Will the 2020 UK Budget deliver for Northern Tech?

Almost two thirds (65%) of tech professionals don’t expect the anticipated Budget announcement to deliver for the Northern Tech economy, compared to the investment and growth experienced in London and the South East, according to research from global technology recruiter, Harvey Nash.

Many are sceptical that there will be any significant impact in the Northern Tech scene for at least three to four years, with a third (34%) stating that it could take over five years for any extra investment to start making a difference.

At the same time, tech professionals have questioned the positive impact of HS2, which was given the green light last month, amidst concerns from an official review that costs could reach over £100 billion. And, only half believe that the Northern tech sector will benefit from infrastructure spending projects such as HS2.

Instead, over half of tech professionals say it’s just as important that the government focuses on locally targeted investments — 84% of tech professionals stated that it’s important or very important that region specific tax cuts/incentives are offered to tech companies operating in the North.

The research undertaken in the lead up to tomorrow’s Budget also found that over two thirds (72%) of tech professionals believe that diverting the huge investment in HS2 towards tech specific projects, such as delivering high speed broadband to the Northern region or increasing digital skills across the region, will have a greater influence and impact on the tech sector.

Will the 2020 UK Budget deliver for Northern Tech? The results:

• Tech professionals sceptical about the positive impact of HS2.
• HS2 won’t improve access to tech skills.
• The region’s tech sector is being held back as a result of a lack of talent.
• Northern tech companies need more region-specific tax cuts/incentives.

Commenting on the results, Bev White, CEO of Harvey Nash Group, said: “The anticipated announcement in tomorrow’s Budget that the North will receive additional investment (even if full details follow at a later date) is a positive thing for the region, and much better than no investment at all. But our research shows that, alongside major infrastructure investments, we need to ensure there is a targeted approach focused around the Tech Hubs in the region. This will help support innovative startups and scaleups through the next stage of their growth, driving economic activity and helping the region achieve its full potential.”

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HS2 won’t improve access to tech skills

Recruiting tech talent in the North has become increasingly difficult over the last decade.

The Harvey Nash/KPMG CIO Survey recently found that despite Manchester (2nd) and Leeds (7th) featuring in the top ten best UK cities for digital technology in June 2019, all are reporting major tech skills shortfalls.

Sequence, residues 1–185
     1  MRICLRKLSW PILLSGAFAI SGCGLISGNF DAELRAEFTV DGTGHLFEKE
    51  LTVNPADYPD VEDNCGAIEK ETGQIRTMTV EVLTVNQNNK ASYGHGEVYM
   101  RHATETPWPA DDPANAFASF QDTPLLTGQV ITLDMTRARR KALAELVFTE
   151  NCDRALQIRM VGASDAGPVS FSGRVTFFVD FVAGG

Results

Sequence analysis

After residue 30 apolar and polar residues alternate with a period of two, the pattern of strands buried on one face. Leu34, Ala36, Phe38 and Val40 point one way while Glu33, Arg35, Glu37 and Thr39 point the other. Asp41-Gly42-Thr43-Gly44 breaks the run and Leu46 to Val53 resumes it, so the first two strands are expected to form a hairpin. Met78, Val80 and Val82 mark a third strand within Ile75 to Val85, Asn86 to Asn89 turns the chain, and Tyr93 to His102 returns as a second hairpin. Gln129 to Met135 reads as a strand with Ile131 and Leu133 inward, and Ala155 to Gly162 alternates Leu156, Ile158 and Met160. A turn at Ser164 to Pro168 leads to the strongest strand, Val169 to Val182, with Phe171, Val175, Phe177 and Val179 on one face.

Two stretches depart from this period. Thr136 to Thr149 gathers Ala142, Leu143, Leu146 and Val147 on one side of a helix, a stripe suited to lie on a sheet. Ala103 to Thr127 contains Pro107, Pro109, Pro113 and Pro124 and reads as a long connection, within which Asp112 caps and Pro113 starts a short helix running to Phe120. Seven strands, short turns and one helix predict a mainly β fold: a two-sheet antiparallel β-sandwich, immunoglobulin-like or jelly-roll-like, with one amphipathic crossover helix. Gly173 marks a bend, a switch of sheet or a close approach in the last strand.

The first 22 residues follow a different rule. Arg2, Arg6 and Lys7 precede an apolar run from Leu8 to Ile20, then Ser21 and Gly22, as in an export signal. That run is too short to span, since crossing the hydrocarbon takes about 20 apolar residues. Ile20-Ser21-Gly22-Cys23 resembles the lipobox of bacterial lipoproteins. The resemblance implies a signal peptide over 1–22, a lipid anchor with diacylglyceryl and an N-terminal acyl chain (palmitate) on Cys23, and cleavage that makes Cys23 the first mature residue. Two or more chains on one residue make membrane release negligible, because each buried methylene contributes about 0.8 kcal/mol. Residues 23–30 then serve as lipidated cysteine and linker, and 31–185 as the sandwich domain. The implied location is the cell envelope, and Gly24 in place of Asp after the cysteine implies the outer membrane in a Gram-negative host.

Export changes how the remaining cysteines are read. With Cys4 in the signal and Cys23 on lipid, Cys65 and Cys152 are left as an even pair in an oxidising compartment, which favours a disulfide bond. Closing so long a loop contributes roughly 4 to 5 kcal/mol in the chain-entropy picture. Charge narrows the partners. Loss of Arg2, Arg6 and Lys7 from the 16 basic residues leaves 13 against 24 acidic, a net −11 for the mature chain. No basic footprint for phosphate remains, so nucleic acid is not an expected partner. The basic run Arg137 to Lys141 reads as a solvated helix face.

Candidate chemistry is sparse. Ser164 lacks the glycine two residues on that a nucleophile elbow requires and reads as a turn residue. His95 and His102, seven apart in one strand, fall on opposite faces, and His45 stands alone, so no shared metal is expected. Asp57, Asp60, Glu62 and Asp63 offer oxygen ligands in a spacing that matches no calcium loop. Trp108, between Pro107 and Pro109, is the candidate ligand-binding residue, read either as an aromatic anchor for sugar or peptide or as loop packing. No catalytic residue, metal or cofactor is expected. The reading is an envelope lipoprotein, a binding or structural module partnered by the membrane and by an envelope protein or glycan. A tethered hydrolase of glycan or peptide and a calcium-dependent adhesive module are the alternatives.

This shortfall in tech talent in the North is having a negative impact on the sector, with the survey finding that the vast majority of tech professionals (85%) feel the region is being held back as a result of a lack of talent. At the same time, almost six in ten (59%) don’t believe HS2 will improve access to skills in the North.

What can be done to improve tech skills in the North?

The tech professionals surveyed by Harvey Nash highlighted three main areas that need to be focused on to make the North a more attractive option for skilled tech professionals:

• Improve transport infrastructure between cities (69%).
• Provide more government investment to promote the North as a Tech Hub (65%).
• Provide focused investment to develop homegrown tech talent around key skill shortage areas such as big data/analytics and cyber security.

“HS2 will undoubtedly help businesses that are already working together to be more effective and efficient in the future. The greater connectivity it creates will be good for the North. But in parallel with this huge investment, we also need to promote the North as a centre of tech excellence in its own right so as to attract more skilled professionals to the region.

“At the same time, increasing the focus on developing tech skills locally will help the Northern economy become stronger and grow in a more sustainable way,” added White.

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A digitally literate workforce

Commenting on how to train a digitally literate workforce, across the UK, Matt Eckersall — regional director, EMEA North, Sub-Sahara and South Africa at SUSE — said: “With the nature of work undergoing a fundamental shift, it is important that the government helps businesses to re-skill workers so that they can participate in the digital economy. If the government were to extend the Apprenticeship Levy further so as to incentivise the learning of new technology skills, this would be a great step in the right direction.

“The issue of re-skilling the UK’s workforce is not only one of economic importance. Failure to enfranchise people in the global digital economy is going to deepen the societal divides the UK government has pledged to close. The diversity and strength of the open source community demonstrates that people from all backgrounds can find fulfilment in the technology sector, and we hope to see this success replicated across the UK economy with the support of the government.”

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Nick Ismail

Nick Ismail is a former editor for Information Age (from 2018 to 2022) before moving on to become Global Head of Brand Journalism at HCLTech. He has a particular interest in smart technologies, AI and...